Rural Living vs. City Life
Moving our little family from St. John's to Trepassey was not a difficult decision. While friends, family, and even a few strangers asked "WHY?" and likely thought we had finally gone completely off the deep end, we knew from the center of our beings that it was the right choice.
We used to live in an "ideal" neighborhood for families. One comprised of townhouses and condos, sitting on the edge of a well-known family park that spawns 500 acres with all of the usual offerings including playgrounds, swimming pool, fountain, multiple trails, sports fields, and a duck pond. Within 5 kms we had a library, shopping center, dance school, 2 Elementary Schools and even a brand new High School. There were about 20 restaurants nearby and even a Timmies and a Starbucks within walking distance. It was a neighborhood for family life, a Utopia of sorts in the west end of the big city of St. John's. This vision of family-oriented living though was gradually chipped away with an increase in criminal activity and a visible escalation in the use of street drugs. Things really changed for us when we started to notice needles littering the trails around the park. Then there was an attempted (armed) home invasion a street up from us (although we somehow felt relieved to learn it was drug related and not random), and a murder-suicide on the street adjacent to us (although that could happen anywhere). Our address became attached to 3 police files: one petty theft (a random guy stole a gas can and was caught by police before we even knew it happened), one attempted break in (another random guy was convinced we were harboring his girlfriend and tried to force his way into the house to get her), and then the piece-de-resistance: a pair of men arrived in a pickup truck in full view of our neighbors and stole our snowblower from our storage shed. The rest is history. Our home, listed in what was described as a "lovely family neighborhood", sold in 5 days. There was no doubt where we would go.
When I first "met" Trepassey I fell in love with it as quickly as I had fallen for Garry, See, Trepassey isn't something you experience if you just drive the Irish Loop. You have to get off Route 10 and actually go into the town to see it. I had no idea that there were so many beaches, that there was a lighthouse... and I had absolutely no clue how Garry seemed to know every person that drove by. Like any community, Trepassey is not just a point on a map. It's not just a destination on a GPS, or a picture on a postcard. Trepassey is, by its very nature, a quilt made up of patches of cultures and peoples who have attempted to live there - of centuries of families, woven together with sheer perseverance and rugged determination to survive in the brutal harshness of an unforgiving yet beautiful landscape. The incredible history of Trepassey includes a multitude of attempts at settlement from different countries, and the Trepassey of today is made of a combination of people who witnessed an epic economic rise and likewise survived the unexpected collapse of the economy with the end of the fishery. The people there today have either chosen to settle in Trepassey in the past decade or two - or have chosen to stay there with fierce tenacity while watching the town as it was almost disappear before their eyes.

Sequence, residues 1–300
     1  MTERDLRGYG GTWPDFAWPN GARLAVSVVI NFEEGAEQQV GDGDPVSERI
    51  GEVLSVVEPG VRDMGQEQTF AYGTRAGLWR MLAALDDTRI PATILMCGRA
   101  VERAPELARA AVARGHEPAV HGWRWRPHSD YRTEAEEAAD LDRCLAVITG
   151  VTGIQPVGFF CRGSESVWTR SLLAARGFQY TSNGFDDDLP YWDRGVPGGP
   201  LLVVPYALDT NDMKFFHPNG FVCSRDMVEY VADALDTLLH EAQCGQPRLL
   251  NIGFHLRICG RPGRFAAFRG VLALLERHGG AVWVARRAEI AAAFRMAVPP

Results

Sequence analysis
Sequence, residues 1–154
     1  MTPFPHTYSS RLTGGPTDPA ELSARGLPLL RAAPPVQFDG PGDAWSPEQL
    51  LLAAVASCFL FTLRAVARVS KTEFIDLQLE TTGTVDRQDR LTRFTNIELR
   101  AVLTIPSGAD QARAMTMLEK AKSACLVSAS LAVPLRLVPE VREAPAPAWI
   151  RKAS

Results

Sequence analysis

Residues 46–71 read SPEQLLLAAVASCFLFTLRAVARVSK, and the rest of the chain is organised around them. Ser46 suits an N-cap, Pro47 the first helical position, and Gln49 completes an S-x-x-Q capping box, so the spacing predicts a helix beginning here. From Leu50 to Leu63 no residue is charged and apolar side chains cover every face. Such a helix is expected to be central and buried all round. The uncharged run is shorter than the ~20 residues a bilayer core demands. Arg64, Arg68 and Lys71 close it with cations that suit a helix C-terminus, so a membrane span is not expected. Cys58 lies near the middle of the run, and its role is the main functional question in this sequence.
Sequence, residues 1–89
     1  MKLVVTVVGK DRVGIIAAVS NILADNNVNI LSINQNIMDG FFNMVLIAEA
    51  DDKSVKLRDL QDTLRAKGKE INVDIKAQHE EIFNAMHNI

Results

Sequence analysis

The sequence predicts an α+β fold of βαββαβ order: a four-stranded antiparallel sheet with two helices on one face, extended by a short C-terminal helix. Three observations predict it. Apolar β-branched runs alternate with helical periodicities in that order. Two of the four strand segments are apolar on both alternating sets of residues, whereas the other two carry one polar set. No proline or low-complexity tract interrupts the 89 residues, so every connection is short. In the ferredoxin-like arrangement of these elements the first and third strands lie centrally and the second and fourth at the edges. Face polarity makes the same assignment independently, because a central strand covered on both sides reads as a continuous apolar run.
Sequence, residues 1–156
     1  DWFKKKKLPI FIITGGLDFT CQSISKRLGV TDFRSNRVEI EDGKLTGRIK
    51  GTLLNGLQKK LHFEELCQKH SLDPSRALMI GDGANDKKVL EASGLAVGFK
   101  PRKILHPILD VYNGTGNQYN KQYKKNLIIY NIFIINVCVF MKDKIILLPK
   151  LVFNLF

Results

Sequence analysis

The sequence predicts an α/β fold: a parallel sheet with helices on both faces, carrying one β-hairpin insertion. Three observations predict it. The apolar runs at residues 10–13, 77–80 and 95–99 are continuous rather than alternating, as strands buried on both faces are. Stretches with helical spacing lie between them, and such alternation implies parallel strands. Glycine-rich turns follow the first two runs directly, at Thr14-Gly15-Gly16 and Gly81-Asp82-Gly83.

Trepassey has one school. One library. One store. One restaurant (seasonal). One gas bar. There is no bank, no Starbucks or Tims (or coffee shop for that matter). There is a satellite detachment of the RCMP. There is a clinic, small drug store counter, and an ambulance service. There is a building supply store, and one church. One post office.
There is a tangible difference to our lives now. We may not have competing Big Name coffee shops - but we CAN get a coffee at the local store. There's no groomed duck pond in a municipal park, but we can see (and hear) loons from our living room. There are no highways or traffic calming (in fact there isn't even as much as a traffic light), but likewise there is never traffic jams and road rage just isn't a "thing" there. The one school hosts Kindergarten through Grade 12, and it is simply amazing. Having the same benefits as a big city school, the students have a wide range of after-school activities as well as the technology that would be found in any school in town. The difference is that the total student population is 34 students - which means that the student body feels much more like siblings than large classrooms of students who gradually get to know each other during the academic year. One of the highlights for me is that when we hear a gunshot ring out, we don't automatically go into lockdown in our home. It is simply someone hunting birds along our coastline. The real difference for us is the people that live there. Their resilience, determination, and sheer strength is admirable. These are the people that understand why we would move to their town, and they make us feel not only welcomed but appreciated for having moved there.
For us, life slowed down when we moved. We are truly LIVING in this rural town. We are connected to people and groups, and we have time to appreciate what surrounds us. We feel it when we enjoy a drive around the harbour. When we breathe the fresh air. When we run into someone at the shop who asks us how an extended relative is doing. When we stop to watch a seal or seabird on the beach. I'm not quite sure how to adequately describe it, but there is a feeling of belonging to something bigger - of being on a journey - of becoming perhaps part of the fabric.
Life in town seemed to be passing us by without us really realizing it - like hamsters in a wheel we got through the day, but one day blended into the next without notice.
Now, life feels like we are actually living it.